UK multimodal logistics specialist Maritime Transport has opened a new rail-connected distribution terminal at the Port of Tilbury to the east of London. 

Maritime has been on site at Tilbury for 15 years and has relocated to a new facility with rail connectivity near London Container Terminal, the port said.

Handling mostly steel for distribution to Europe and rest of the world, Maritime will use an existing terminal railhead that has been converted to allow both straddle carriers and reach stackers to operate simultaneously, which will double the handling capacity of the terminal. The terminal will handle both intermodal and specialised steel wagons from the first day of operation, Maritime said.

It can accommodate both domestic and international and EU trade in the new terminal. A 55,000 sq ft (5,000 sqm) moveable ‘Rubb shed’ was relocated from another part of the port to the site to provide rail connected undercover storage.

Dave Boomer, CEO of Maritime Transport, commented: “Being rail connected is essential for us, as we maintain current customer relationships and look to grow our intermodal business, which launched earlier this year, to help improve both ours and our customers eco credentials. We’re delighted with the new site and are confident that our relocation will benefit our customers.” 

Peter Ward, commercial director at the Port of Tilbury, said: “It’s great to see this new facility for Maritime open. We have worked with them for a long time and it was important that the port invested in this new facility for their growing business. Maritime’s terminal provides a bespoke facility with easy access to our rail connections. The site that Maritime were previously located on the port will now become part of the Tilbury2 development area”

In January (HYPERLINK TO:, Maritime Transport announced the formation of a new division – ‘Maritime Intermodal’ – which will initially contract four daily dedicated services to and from each of the UK’s two leading container ports, Felixstowe and Southampton that are currently already run by DB Cargo, in a 10-year partnership with DB CargoUK that the two parties claim will increase capacity and competition in the UK intermodal market.

The move effectively brings to an end DB Cargo UK’s attempts to compete as a full-service provider in the UK’s cut-throat intermodal market, with the UK’s largest rail freight operator’s intermodal services having operated on a loss-making basis for several years. DB Cargo UK will instead limit its commercial exposure by focusing on running intermodal rail freight services on behalf of and fully contracted by logistics companies.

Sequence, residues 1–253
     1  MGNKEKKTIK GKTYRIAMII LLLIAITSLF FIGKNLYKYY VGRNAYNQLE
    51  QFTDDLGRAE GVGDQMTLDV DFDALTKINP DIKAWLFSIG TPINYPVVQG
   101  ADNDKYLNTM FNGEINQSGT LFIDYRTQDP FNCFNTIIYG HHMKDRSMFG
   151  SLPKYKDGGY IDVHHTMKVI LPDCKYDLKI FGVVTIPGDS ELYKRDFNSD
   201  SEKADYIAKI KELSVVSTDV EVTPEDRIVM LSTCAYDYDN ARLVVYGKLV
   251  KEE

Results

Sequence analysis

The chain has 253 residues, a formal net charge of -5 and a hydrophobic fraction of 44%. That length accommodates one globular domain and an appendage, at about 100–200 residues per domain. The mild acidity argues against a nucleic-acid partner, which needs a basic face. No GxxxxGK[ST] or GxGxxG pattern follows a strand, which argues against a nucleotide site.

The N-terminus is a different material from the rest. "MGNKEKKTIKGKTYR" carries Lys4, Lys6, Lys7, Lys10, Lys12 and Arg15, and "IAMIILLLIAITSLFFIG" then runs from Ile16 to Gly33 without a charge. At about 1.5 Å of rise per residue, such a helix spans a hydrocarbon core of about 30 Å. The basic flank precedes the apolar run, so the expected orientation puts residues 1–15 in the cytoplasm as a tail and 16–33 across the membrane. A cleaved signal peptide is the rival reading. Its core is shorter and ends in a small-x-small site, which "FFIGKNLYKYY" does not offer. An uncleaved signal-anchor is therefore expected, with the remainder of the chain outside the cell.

The partnership comes at a time of container haulage capacity shortages in the UK, with the UK’s largest container haulage provider Maritime Transport keen to make increasing use of intermodal capacity in order to fulfil its customers’ needs. 

Maritime already chartered some regular scheduled rail freight services to and from the two existing terminals it manages at Tilbury and Birmingham, using DB Cargo, GBRF and Freightliner to provide the train operations.

Under the agreement in principle with DB Cargo UK, the two companies said the long-term agreement “will enable each organisation to operate to its strengths, driving up service and efficiency, which will result in increased intermodal capacity and growth in rail freight”.

DB Cargo UK will be contracted to run Maritime Intermodal’s rail operations out of Felixstowe and Southampton. Maritime Intermodal will take on responsibility for DB Cargo UK’s terminals in Trafford Park, Manchester and Wakefield in West Yorkshire, thus strengthening the road haulier’s national network of strategic hubs.

The two said that Maritime Intermodal was “committed to significant investment in both equipment and ground works at the two sites, improving terminal turnaround times, whilst also increasing container storage capacities. The terminals will remain open-access to both intermodal and non-intermodal services. Maritime Intermodal will retain existing services and seek additional services from all UK ports with all freight operating companies with the intention of increasing its intermodal offering.”

As part of the agreement, Maritime Intermodal will take responsibility for DB Cargo UK’s existing intermodal customers on its Felixstowe and Southampton services. DB Cargo acknowledged that in some cases this would mean customers who regard themselves as competitors to Maritime, with those customers having the option to take whatever commercial decisions they need to.

DB Cargo UK stressed that it would retain and grow its remaining intermodal business including key flows to and from Scotland, services that were operated under contract for specific customers.